Projecting the Future of El Othmani’s New Cabinet

One remarkable fact about El Othmani’s new government is that it is a wide-ranging coalition of parties which share little by way of a common agenda: the six parties represented in the formation range from far-left to Islamist, with conservatives and liberals thrown in between. This diversity may also result in stunted policy implementation, for which the cabinet will need parliamentary approval. Indeed, the first indications of disharmony between the components of the new government can be seen in the way that Akhannouch has demanded an end to structural reforms in the country’s social security programs. Previously, these disagreements have led to the governmental impasse which prevented Benkirane from forming a second cabinet.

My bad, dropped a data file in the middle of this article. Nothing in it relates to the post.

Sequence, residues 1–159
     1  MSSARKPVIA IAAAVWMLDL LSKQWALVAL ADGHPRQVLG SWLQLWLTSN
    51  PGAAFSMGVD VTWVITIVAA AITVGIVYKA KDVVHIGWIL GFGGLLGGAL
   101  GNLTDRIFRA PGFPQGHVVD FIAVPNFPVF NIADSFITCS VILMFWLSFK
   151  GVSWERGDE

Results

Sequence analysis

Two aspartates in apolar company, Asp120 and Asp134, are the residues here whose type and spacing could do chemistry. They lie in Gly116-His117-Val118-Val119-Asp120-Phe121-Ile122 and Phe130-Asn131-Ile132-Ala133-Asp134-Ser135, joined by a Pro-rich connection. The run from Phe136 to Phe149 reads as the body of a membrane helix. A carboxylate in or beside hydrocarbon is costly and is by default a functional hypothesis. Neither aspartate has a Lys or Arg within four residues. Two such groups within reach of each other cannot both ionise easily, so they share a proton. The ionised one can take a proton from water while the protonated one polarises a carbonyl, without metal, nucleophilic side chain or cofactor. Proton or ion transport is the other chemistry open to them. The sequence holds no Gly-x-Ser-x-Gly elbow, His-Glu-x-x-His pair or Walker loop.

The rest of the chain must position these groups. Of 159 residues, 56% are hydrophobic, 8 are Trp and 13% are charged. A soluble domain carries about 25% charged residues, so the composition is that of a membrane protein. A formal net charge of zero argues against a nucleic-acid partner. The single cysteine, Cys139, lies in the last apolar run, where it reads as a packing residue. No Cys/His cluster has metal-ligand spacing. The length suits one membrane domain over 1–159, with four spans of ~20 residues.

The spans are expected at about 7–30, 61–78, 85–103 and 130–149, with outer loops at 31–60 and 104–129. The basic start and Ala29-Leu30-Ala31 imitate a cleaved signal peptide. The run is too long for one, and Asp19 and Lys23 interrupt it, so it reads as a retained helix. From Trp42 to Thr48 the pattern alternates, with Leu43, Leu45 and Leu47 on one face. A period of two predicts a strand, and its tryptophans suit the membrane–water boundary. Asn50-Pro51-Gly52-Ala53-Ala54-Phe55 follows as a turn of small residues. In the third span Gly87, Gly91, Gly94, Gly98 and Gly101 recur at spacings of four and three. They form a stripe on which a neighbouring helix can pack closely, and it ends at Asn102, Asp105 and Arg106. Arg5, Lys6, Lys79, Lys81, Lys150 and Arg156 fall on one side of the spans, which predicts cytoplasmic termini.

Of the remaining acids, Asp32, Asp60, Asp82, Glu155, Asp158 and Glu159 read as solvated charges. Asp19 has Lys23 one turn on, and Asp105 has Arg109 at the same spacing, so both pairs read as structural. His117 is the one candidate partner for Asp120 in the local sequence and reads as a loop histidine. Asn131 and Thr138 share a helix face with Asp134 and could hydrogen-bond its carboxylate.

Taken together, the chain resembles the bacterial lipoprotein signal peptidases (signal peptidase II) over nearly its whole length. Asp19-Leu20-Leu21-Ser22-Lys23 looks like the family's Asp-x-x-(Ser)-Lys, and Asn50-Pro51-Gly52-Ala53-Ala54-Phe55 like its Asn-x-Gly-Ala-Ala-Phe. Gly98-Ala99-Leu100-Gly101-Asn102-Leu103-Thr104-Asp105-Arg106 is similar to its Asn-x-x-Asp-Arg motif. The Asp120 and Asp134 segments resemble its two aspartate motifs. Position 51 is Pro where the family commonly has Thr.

It is entirely possible that the discord between the various components of the coalition will forestall the implementation of a unified government program, perhaps even impacting the government’s stability and sustainability. That could be the case if the only thing keeping these disparate groups in coalition is the desire to hold on to the reins of power, without a will to compromise. On the other hand, the strong incentive to avoid further political deadlock in Morocco could produce a coalition government which speaks with a strong, unified voice and executes a program with long-term benefits for the country.     

 


To read this Report as a PDF, please click here, or on the icon above. This Report was translated by the ACRPS Translaiton and English Editing team. To read the original Arabic version, which appeared online on April 20, 2017, please click here.